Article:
CDC and public health and regulatory officials in several states are investigating a multistate outbreak of multidrug-resistant Salmonella infections linked to raw turkey products. The U.S. Department of Agriculture’s Food Safety and Inspection Service (USDA-FSIS) is monitoring the outbreak.
- As of November 5, 2018, 164 people infected with the outbreak strain of Salmonella Reading have been reported from 35 states.
- 63 people have been hospitalized, and one death has been reported from California.
- Epidemiologic and laboratory evidence indicates that raw turkey products from a variety of sources are contaminated with Salmonella Reading and are making people sick.
- In interviews, ill people report eating different types and brands of turkey products purchased from many different locations. Three ill people lived in households where raw turkey pet food was fed to pets.
- The outbreak strain has been identified in samples taken from raw turkey pet food, raw turkey products, and live turkeys.
- On November 15, 2018, Jennie-O Turkey Store Sales in Barron, Wisconsin recalled approximately 91,388 pounds of raw ground turkey products.
- A single, common supplier of raw turkey products or of live turkeys has not been identified that could account for the whole outbreak.
- The outbreak strain of Salmonella Reading is present in live turkeys and in many types of raw turkey products, indicating it might be widespread in the turkey industry. CDC and USDA-FSIS have shared this information with representatives from the turkey industry and asked about steps that they may be taking to reduce Salmonella contamination.
On November 15, 2018, Jennie-O Turkey Store Sales, LLC, in Barron, Wisconsin recalled approximately 91,388 pounds of raw ground turkey products. The recalled ground turkey was sold in one-pound packages labeled with establishment number “P-190”. This is found inside the USDA mark of inspection. The following products were recalled:
- “Jennie-O Ground Turkey 93% LEAN | 7% FAT” with “Use by” dates of 10/01/2018 and 10/02/2018.
- “Jennie-O Taco Seasoned Ground Turkey” with a “Use by” date of 10/02/2018.
- “Jennie-O Ground Turkey 85% LEAN | 15% FAT” with a “Use by” date of 10/02/2018.
- “Jennie-O Italian Seasoned Ground Turkey” with a “Use by” date of 10/02/2018.
Do not eat, sell, or serve recalled Jennie-O brand ground turkey products.
Always handle raw turkey carefully and cook it thoroughly to prevent food poisoning. This outbreak is a reminder that raw turkey products can have germs that spread around food preparation areas and can make you sick.
With the exception of the recalled Jennie-O brand ground turkey products, CDC is not advising that consumers avoid eating properly cooked turkey products, or that retailers stop selling raw turkey products.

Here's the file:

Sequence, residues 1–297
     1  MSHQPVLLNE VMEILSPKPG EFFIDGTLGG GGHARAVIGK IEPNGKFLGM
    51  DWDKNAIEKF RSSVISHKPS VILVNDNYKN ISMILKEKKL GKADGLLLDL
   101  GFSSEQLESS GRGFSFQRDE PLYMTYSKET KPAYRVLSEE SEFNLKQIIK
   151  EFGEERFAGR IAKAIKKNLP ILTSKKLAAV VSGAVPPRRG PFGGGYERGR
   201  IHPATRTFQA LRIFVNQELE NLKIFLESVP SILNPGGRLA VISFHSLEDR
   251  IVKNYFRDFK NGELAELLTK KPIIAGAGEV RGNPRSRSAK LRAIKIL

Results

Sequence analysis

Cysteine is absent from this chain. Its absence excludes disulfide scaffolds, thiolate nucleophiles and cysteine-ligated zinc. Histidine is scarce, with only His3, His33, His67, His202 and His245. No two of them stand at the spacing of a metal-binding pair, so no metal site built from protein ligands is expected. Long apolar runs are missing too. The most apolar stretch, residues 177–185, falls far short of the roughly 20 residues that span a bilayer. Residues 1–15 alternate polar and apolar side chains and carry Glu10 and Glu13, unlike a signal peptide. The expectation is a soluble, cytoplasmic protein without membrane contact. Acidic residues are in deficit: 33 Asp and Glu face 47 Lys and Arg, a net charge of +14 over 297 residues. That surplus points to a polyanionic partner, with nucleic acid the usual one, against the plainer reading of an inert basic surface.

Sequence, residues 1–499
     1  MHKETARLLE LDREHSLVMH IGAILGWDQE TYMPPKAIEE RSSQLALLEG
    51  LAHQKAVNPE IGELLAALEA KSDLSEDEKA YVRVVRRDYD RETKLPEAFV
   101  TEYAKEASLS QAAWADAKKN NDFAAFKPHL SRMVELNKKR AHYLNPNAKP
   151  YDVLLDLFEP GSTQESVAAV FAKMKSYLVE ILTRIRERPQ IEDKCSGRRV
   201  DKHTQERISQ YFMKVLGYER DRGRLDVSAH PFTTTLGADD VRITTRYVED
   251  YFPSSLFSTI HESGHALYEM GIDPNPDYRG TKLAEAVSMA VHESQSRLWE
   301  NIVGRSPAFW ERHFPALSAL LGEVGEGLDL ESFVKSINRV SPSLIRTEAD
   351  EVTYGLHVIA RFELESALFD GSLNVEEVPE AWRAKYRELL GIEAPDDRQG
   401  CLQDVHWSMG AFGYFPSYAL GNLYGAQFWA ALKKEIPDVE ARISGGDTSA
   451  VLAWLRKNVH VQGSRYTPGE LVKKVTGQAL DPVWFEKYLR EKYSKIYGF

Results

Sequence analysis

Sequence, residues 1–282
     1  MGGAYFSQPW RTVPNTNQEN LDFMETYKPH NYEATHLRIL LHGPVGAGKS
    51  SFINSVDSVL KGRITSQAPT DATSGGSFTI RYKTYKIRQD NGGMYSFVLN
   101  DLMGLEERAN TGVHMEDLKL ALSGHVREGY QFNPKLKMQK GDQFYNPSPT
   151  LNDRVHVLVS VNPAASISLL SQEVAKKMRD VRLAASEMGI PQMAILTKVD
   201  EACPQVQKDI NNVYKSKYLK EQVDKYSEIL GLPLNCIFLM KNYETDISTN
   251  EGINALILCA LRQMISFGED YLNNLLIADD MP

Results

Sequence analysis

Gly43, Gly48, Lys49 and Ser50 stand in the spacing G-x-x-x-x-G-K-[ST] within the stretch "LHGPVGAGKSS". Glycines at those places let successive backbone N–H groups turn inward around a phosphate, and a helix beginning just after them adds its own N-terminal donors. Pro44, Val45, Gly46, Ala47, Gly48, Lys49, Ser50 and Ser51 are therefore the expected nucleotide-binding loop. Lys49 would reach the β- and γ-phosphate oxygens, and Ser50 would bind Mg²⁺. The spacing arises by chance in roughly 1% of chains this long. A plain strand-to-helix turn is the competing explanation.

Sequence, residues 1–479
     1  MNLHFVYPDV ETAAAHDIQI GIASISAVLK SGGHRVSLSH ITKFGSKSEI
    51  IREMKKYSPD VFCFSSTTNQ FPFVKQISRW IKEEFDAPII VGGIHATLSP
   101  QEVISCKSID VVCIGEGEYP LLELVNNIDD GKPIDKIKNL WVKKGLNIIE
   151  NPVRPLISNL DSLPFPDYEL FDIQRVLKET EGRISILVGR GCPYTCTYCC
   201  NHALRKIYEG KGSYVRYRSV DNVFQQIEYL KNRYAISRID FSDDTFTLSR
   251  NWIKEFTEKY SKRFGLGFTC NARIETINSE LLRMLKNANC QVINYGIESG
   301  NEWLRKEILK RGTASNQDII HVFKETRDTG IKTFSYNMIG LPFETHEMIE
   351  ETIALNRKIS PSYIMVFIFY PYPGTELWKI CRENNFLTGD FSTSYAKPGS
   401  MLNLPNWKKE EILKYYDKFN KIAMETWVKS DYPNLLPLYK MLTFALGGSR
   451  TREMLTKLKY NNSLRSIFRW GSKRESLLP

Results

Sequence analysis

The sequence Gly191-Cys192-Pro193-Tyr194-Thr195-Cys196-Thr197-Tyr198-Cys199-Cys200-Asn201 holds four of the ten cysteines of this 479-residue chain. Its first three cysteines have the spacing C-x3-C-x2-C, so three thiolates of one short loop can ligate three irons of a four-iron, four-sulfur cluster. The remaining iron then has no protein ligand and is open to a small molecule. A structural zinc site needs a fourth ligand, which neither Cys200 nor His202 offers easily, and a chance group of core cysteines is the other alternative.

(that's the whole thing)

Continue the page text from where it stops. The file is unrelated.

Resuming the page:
CDC advises consumers to follow these steps to help prevent Salmonella infection from raw turkey:
- Wash your hands. Salmonella infections can spread from one person to another. Wash hands before and after handling raw turkey products.
- Cook raw turkey thoroughly to kill harmful germs. Turkey breasts, whole turkeys, and ground poultry, including turkey burgers, casseroles, and sausage, should always be cooked to an internal temperature of 165°F to kill harmful germs. Leftovers should be reheated to 165°F. Use a food thermometer to check, and place it in the thickest part of the food.
- Don’t spread germs from raw turkey around food preparation areas. Washing raw poultry before cooking is not recommended. Germs in raw poultry juices can spread to other areas and foods. Thoroughly wash hands, counters, cutting boards, and utensils with warm, soapy water after they touch raw turkey. Use a separate cutting board for raw turkey and other raw meats if possible.
- CDC does not recommend feeding raw diets to pets. Germs like Salmonella in raw pet food can make your pets sick. Your family also can get sick by handling the raw food or by taking care of your pet.
CDC will update the advice to consumers and retailers if more information comes available, such as a supplier or type of raw turkey product linked to illness.
- Most people infected with Salmonella develop diarrhea, fever, and stomach cramps 12 to 72 hours after being exposed to the bacteria.
- The illness usually lasts 4 to 7 days, and most people recover without treatment.
- In some people, the diarrhea may be so severe that the patient needs to be hospitalized. Salmonella infection may spread from the intestines to the bloodstream and then to other places in the body.
- In rare cases, Salmonella infection can cause death unless the person is treated promptly with antibiotics.
- Children younger than 5 years of age, adults older than 65 years of age, and people with weakened immune systems are more likely to have severe illness.
- For more information, see the CDCSalmonella website.